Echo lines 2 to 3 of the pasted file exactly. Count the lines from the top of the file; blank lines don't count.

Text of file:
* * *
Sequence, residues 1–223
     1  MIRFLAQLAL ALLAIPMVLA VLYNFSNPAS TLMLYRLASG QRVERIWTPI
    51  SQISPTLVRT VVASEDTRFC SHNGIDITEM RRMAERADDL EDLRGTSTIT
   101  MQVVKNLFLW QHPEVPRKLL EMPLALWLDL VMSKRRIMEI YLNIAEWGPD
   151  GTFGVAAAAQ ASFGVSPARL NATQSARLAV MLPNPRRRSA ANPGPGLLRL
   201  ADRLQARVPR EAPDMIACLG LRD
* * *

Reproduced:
     1  MIRFLAQLAL ALLAIPMVLA VLYNFSNPAS TLMLYRLASG QRVERIWTPI
    51  SQISPTLVRT VVASEDTRFC SHNGIDITEM RRMAERADDL EDLRGTSTIT